Wednesday 6 February 2008

No Country For Old Men

I continue my Cormac McCarthy season with the Coen brothers much nominated adaptation of No Country For Old Men. I haven't read the novel but I understand that this a very faithful filming and it marks a welcome return to grizzly form for the Coen's although I'm not sure that this is quite the masterpiece that some are declaring.

When Llewelyn Moss stumbles upon the carnage of a botched drug deal whilst out hunting and finds a case filled with roughly $2million he makes one fatal mistake; to return to the scene later that night with a bottle of water for the one man who was still alive. His car is spotted and he barely escapes from two pursuers but he has now become the prey of a man, Anton Chigurh (a truly terrifying Javier Bardem), who will hunt him down like Death itself armed with a shotgun and heavy silencer and a pneumatic cattlegun, cutting down any who cross his path. Following this trail of bodies is Sheriff Ed Tom Bell (played with deadpan world-weariness by Tommy-Lee Jones) also trying to find Moss and protect him and his wife.

As you would expect from McCarthy this is a tale filled with men and violence and as you would expect from the Coen brothers it is shot with style and even the odd flash of humour but when you come down to it is there that much seperating this film from, say, The Terminator? Chirgurh's relentless progress is shown to have little consequence, these are bad guys he's killing remember (or if not bad then certainly undeveloped characters who we will find it hard to care about), and just when it looks as though karma will come full circle he walks way from a car crash (albeit with a broken bone protruding through his arm). Yes, there's some philosophical musings along the way but even Terminator 2 managed something similar ('there is no fate but that we make').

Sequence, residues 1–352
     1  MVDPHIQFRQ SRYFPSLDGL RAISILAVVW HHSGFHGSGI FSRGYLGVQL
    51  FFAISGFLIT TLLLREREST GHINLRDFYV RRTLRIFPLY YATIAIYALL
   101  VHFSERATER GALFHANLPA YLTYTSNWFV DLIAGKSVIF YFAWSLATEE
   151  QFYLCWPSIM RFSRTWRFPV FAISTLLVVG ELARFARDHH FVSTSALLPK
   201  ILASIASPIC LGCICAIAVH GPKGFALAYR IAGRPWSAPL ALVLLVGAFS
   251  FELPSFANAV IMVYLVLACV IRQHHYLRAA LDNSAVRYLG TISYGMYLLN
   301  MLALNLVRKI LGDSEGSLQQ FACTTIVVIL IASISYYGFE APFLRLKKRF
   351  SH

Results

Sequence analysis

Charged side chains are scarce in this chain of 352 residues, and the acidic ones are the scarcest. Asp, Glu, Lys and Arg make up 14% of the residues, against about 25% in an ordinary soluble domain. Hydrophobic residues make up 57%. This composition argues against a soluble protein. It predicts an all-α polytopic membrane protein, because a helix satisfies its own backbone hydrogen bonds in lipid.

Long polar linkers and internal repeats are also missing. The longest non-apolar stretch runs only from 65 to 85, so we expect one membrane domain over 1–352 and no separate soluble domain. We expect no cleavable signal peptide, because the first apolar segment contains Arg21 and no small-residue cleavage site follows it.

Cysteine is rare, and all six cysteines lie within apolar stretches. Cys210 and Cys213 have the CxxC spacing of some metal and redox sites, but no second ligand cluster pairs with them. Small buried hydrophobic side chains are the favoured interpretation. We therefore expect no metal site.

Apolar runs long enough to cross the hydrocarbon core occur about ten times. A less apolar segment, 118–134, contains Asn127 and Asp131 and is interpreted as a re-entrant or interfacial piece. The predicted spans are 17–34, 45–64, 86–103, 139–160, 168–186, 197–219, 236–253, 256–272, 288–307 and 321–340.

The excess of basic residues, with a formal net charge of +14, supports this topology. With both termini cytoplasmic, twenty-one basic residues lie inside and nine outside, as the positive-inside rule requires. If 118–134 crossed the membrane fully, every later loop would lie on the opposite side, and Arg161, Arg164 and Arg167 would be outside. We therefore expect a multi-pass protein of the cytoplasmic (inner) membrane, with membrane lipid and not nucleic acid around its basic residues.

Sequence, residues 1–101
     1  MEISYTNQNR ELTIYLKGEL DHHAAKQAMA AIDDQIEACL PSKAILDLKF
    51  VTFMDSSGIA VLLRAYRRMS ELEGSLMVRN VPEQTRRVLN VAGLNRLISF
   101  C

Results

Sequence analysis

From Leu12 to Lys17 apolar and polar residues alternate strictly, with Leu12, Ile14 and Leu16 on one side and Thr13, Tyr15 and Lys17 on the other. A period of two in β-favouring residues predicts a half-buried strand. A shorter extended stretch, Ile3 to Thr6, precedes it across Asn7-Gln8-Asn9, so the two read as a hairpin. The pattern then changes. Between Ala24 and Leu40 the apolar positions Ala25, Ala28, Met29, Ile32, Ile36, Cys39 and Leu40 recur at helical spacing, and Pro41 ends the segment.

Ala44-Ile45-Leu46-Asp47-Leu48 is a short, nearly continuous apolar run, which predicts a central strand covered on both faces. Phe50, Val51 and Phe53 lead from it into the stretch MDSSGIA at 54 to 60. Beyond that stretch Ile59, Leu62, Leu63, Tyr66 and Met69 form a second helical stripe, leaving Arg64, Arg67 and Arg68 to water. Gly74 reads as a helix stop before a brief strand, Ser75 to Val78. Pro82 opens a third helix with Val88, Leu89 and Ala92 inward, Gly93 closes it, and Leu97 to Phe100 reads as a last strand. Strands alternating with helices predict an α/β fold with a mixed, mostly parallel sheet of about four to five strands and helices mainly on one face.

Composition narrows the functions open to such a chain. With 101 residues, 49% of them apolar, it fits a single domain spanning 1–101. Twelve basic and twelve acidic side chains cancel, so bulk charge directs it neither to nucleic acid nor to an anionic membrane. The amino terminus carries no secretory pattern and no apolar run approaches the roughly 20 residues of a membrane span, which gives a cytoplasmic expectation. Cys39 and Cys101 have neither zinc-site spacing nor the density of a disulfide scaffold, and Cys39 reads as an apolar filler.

It's all in the casting I suppose. Tommy-Lee Jones is excellent; subtle and nuanced. He speaks volumes with that craggy face when in conversation with his Uncle Ellis. 'You can't stop what's comin'. It ain't all waitin' on you. That's vanity', he is told, and having watched Chigurh slaughter both innocent and guilty alike we know exactly what that means. This is the kind of apocolyptic vision familiar from McCarthy's novels but missing is the hope, the mercy, dare I say it the humanity that would make it a convincing parable rather than a high class shoot-em-up.


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